I do believe that all these wonderful things we have created to save us time have, in some indecipherable way, actually robbed us of the time we thought we were going to gain by availing ourselves of their services. For example, when my grandmother was growing up, they swept the carpets or put them on a clothesline and beat them with a paddle. That did take some time. When the vacuum cleaner was invented, the housewife was then predicted to have leisure time resulting from being freed from the task of cleaning the carpets by hand. However, most housewives found themselves busier than ever. The time supposedly freed by the new device, which everyone now had, was taken up by other work that suddenly needed doing. The same situation repeated itself with other new appliances, such as the electric washer and the electric clothes dryer. Newer and faster automobiles seem to produce more places that need to be rushed to.
It is not that these developments are bad; they are certainly awesome in their own right. However, for each of these developments, something is lost, and we do not seem to be aware of what is lost until it is too late to recover it. For example, now that we have highly convenient clothes dryers, we no longer have the scent of the wind and fresh cut grass that used to adorn the clothes we hung on the clothesline. Now that we have the wonderful GPS to tell us to turn right or left without our thinking much, the skill of map reading is vanishing; in fact, it is difficult to even find any updated maps to read. The use of calculators in schools to do simple math computations has resulted in fewer students who know their number facts, and cashiers who are unable to make change unless a computer tells them what to do. Did we want to lose those skills??? We didn’t ask those questions as we were moving forward.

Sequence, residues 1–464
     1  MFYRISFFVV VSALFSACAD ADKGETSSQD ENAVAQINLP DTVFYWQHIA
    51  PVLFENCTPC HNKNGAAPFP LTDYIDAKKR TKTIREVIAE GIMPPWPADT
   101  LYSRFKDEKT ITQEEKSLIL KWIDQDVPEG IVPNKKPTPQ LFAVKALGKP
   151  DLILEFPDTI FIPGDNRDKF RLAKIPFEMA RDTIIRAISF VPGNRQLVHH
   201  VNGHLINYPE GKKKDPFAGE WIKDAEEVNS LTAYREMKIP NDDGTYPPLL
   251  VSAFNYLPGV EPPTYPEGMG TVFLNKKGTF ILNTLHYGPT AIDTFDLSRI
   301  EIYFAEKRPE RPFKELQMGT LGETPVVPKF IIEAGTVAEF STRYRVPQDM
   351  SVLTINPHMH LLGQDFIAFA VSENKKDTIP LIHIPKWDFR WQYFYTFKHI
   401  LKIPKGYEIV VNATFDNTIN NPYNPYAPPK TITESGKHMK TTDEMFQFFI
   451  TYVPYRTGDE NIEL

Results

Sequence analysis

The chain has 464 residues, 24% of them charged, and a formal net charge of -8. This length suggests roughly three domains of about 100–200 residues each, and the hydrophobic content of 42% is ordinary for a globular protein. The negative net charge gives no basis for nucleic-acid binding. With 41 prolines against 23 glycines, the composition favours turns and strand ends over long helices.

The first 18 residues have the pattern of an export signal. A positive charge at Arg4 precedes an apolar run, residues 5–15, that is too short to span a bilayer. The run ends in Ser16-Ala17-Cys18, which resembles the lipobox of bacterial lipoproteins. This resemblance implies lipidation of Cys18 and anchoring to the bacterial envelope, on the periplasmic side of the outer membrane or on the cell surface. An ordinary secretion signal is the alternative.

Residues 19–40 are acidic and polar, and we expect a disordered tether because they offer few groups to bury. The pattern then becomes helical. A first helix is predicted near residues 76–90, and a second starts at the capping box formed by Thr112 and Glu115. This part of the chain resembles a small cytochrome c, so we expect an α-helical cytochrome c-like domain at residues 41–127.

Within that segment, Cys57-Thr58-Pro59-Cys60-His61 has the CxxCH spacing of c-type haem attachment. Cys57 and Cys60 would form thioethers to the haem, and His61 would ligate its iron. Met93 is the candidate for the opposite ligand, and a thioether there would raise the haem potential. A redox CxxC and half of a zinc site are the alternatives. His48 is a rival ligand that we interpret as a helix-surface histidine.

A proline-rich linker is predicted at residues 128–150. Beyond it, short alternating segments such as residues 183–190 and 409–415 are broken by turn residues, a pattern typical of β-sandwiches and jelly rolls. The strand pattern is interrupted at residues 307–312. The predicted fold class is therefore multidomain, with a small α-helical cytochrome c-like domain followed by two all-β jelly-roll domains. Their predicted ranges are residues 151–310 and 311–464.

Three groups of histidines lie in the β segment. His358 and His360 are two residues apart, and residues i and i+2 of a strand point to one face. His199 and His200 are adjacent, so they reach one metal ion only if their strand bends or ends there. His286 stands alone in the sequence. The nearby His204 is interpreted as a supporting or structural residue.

I think we need to ask those questions and figure out how to include in the relentless march forward the values of what we have lost. It is wonderful to have, for example, an excellent cook to serve us meals. However, if we have lost the skill of knowing our way around a kitchen, we are vulnerable, at the mercy of the cook, or at least of having a cook. As we go forward, who will be the masters – the marvelous devices, or ourselves?
The American Heritage Dictionary, new College edition, defines “excellent” as “being of the highest or finest quality, exceptionally good, superb”. It defines “perfect” as “complete of its nature or kind; without defect”. The Unabridged edition of the Random House Dictionary is not much different, defining “excellent” as “remarkably good’ extraordinary”, and “perfect” as “beyond practical or theoretical improvement; without flaws or shortcomings; correct in every detail”.
What stands out is that perfection is a completed process. It is a destination, a final state, beyond which growth does not occur. It is static. Excellence, on the other hand, is exceptional and extraordinary, but it is not a completed process. It is ongoing and dynamic. It is growth.
I submit that, dictionaries aside, there is no real definition of perfection. If asked for details of perfection, a hundred different people will have a hundred varied answers. Perfection is subjective, an assumption in the minds of individuals. Humanity cannot agree on perfection. Perfection is static, having ceased to grow, hence, to live. Perfection, in fact, does not exist. It is an illusion to which people subscribe.
Excellence, on the other hand, is a continual engagement in learning, growing, becoming at a greater level than the one at which one currently exists. It is alive and enlivening. It fuels our lives, our progress and our success, to the extent to which we realize and embrace excellence. Excellence does, in fact, exist.